The Epistles are letters written by followers of Christ to communities that they have either had a hand in starting or were in communication with a church that was forming.  They are the earliest documents we have from the Christian community, predating any of the gospels, in their current form.
What we know is that, as the communities are forming, there are a lot of issues to resolve and what we get in the Epistles is a sneak peek into conversations.  We don’t know what the letters sent to Paul or to others said, we only know their response. 
Paul’s letter to the churches in Galatia begins with greetings but quickly jumps to a defense of his own authority to preach the gospel to Gentiles.  He reminds the communities that he had been a zealous Pharisaic Jew who had worked hard to persecute and destroy the church until he encountered the risen Christ.  For Paul, grace is the glue that unites the diversity in the faith communities that are forming in Galatia.  It is the Holy Spirit that enables this to happen.
As you think about your community of faith, how do you welcome in people who are different than you?  How do you create an atmosphere of grace where differences are celebrated?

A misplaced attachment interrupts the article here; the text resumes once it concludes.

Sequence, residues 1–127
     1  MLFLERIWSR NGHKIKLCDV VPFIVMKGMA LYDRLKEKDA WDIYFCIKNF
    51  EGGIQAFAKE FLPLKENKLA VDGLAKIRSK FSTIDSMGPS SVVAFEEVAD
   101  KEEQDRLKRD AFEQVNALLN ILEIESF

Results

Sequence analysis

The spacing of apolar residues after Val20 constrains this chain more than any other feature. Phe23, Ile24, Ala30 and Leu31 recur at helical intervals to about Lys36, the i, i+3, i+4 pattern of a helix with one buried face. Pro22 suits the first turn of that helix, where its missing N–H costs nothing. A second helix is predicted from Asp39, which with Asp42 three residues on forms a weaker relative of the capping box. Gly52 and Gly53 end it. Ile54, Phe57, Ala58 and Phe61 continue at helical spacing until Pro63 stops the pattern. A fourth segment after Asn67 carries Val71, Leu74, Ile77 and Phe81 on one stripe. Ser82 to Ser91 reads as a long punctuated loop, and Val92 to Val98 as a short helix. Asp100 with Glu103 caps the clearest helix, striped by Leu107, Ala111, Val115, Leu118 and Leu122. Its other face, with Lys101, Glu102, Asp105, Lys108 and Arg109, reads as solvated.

Prayer: Gracious Creator, unsettle our assumptions and our egos.  Open us up to hear your word and grace to welcome in everyone, so that there is room enough for your Holy Spirit to stretch us so there is room for Christ to dwell in and among us.  Amen.

Wednesday, May 17, 2017

Scripture as a lens not the only lens


Daily reading: Acts 15:1-19
Wednesday May 17, 2017

In the spirit of healthy discussion and faithfulness to God’s words, Jewish believers, students of the law who followed Christ, believed that the Gentile converts needed to follow the Law of Moses; it was the bedrock of faithfulness.  Not following had, in the prophet’s eyes, been the very reason that they had experienced defeat and exile.  Faithfulness to God was grounded in a covenant.  Circumcision was the physical mark of that covenant for the men in the community.   The argument wasn’t whether Gentiles could be welcomed in; it was based on whether they needed to bear the mark of the covenant to be part of the community.

Paul, a Pharisee, also a student of the law and follower of Christ, along with Barnabas had been called by God to spread the word of God to Gentile communities, were of the mind that circumcision was not a prerequisite of being part of God’s Kingdom.

And so both sides poured over scripture as a spring board to further conversation and as a lens through which to interpret their own experiences.

Weekly practice: Practice being fully attentive to what other people are saying.  Deeply listen from a place of empathy.  Seek out moments to have conversations in person this week rather than messages through text, email or social media.  Find a place of commonality.


Prayer: Graceful Guide, you call us to fully see and deeply love one another.  May your unconditional love fill us and seep into every moment this day, even in the really difficult ones.  Amen.